Barack Obama shed tears as he announced long-awaited gun control measures on Tuesday in the wake of countless mass shootings that have made the US an international outlier for gun violence. The proposals, made by executive action against the will of Congress, were revealed at the White House, the president flanked by families of the victims of many of the mass shooting that have blighted his presidency.
The action will improve the background check system for gun sales by expanding the number of buyers who are subject to criminal checks; give millions of additional dollars to mental health services; and kick-start smart gun technology.
Obama wept while talking about the massacre in at the Sandy Hook Elementary School in 2012
The action also sought to improve research into gun violence, increase domestic violence prosecutions and better keep track of lost firearms.
"Fort Hood, Binghamton, Aurora, Oak Creek, Newtown, the Navy Yard, Santa Barbara, Charleston, San Bernardino. Too many," the president reflected. Weeping as he referred to the children slain at the Newtown massacre in 2012, he said: “First graders... every time I think about those kids it makes me mad."
Chastising congress for its inaction despite the incessant deaths, Obama said the US is "not the only country in earth with violent or dangerous people" but it “is the only advanced country on earth that sees this type of mass violence with this type of frequency."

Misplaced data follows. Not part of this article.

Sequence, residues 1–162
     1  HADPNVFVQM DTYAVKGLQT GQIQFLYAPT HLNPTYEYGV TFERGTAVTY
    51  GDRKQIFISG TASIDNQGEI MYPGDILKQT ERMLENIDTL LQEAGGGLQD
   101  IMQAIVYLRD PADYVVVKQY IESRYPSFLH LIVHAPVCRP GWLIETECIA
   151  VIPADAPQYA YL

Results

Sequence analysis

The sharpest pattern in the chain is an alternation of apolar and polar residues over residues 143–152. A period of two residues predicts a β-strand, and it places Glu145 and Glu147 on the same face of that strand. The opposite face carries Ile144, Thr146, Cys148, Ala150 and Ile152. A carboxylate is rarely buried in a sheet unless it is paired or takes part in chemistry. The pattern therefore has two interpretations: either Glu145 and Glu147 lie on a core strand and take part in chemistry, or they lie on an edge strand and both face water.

“It doesn’t happen in other advanced countries," he added. "It’s not even close."
"Somehow, we become numb to it and we start thinking, 'This is normal,'" he continued. “Instead of thinking about how to solve the problem, this has become one of our most polarised debates. The gun lobby may be holding Congress hostage right now, but they can’t hold America hostage. Congress still needs to act. The folks in this room will not rest until Congress does.”
US President Barack Obama delivers a statement on executive actions to reduce gun violence on January 5, 2016 at the White House
The background check proposals, which enjoy widespread support across the US, were immediately attacked by Republicans as unconstitutional, with legal challenges likely to follow.
"This is a dangerous level of executive overreach, and the country will not stand for it," said House Speaker Paul Ryan.
In a statement released after Obama's speech, the speaker challenged the president's "dismissiveness toward Americans who value the Second Amendment," saying: "At a time when the country wants the president to lead the fight against radical Islamic terror, this is yet another attempt to divide and distract from his failed policies."
Reince Priebus, chairman of the Republican National Committee, tweeted: "Obama overstepping his constitutional authority to force his policies on the American people."
Jeb Bush, currently running for the Republican presidential nomination, released a statement condemning the move. "Rather than taking guns out of the hands of law-abiding citizens as Obama and [Hillary] Clinton would like to do, we should focus on keeping guns out of the hands of the terrorists who want to kill innocent Americans,” he said.
Those sentiments were echoed by many of Bush's GOP rivals, including Texas Senator Ted Cruz, who promised to repeal the executive action once he's president. "When you live by the pen, you die by the pen," he said, adding: that his own pen "has an eraser on it."